Goldberg vs. Kelly

The upshot of this lawsuit is that welfare is property. Welfare is not a gift or a benevolent token- it is property no different than a car or a house. Albeit the property is held in the network of social connectedness of the people and the state. Here’s a summary of the case.

Goldberg v. Kelly, 397 U.S. 254 (1970), is a case in which the Supreme Court of the United States ruled that the Due Process Clause of the Fourteenth Amendment to the United States Constitution requires an evidentiary hearing before a recipient of certain government welfare benefits can be deprived of such benefits.[1][2]

The Goldberg decision set the parameters for procedural due process when dealing with the deprivation of a government benefit or entitlement. The Court held that a person has a property interest in certain government entitlements, which require notice and a hearing before a governmental entity (either state or federal) takes them away. Government-provided entitlements from the modern welfare state increased substantially in the United States during the 20th century. The Goldberg court decided that such entitlements (like welfare payments, government pensions, professional licenses), are a form of “new property” that require pre-deprivation procedural protection and so did away with the traditional distinction between rights and privileges.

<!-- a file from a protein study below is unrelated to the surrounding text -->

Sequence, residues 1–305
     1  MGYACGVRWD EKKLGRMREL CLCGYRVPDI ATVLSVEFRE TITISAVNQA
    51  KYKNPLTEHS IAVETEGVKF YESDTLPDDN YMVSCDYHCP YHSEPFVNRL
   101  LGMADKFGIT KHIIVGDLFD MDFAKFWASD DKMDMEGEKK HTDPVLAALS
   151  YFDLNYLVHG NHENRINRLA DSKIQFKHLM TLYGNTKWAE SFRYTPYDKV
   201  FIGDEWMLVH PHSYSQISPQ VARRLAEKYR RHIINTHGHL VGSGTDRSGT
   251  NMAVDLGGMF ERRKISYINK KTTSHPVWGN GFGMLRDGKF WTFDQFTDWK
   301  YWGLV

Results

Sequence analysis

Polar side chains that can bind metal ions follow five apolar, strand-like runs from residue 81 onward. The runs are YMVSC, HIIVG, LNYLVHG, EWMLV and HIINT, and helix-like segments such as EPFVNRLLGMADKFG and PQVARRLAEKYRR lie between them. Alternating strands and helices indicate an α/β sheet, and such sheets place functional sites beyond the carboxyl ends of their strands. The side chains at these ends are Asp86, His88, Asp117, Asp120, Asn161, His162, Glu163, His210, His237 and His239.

US Supreme Court Washington DC circa 1970

So to put it another way, if you are a member of a group (most probably a formal one) and you fall into a set of circumstances that have been determined to engage a resource, upon taking possession of said resource it becomes your personal property. The community held capital is internalized by the individual. Doesn’t it seem like capital which is put to use in social groups would have a name something like social capital?

If everyone in the group understood it in these terms, it seems that more people would value being a member of a group that had the capacity to make good on such promises. Often people focus on private property as a measure of wealth and well-being. But isn’t the right to tap a resource particularly when one is on the outs a valuable asset as well? There’s a case to be made for a state that has a generous capacity.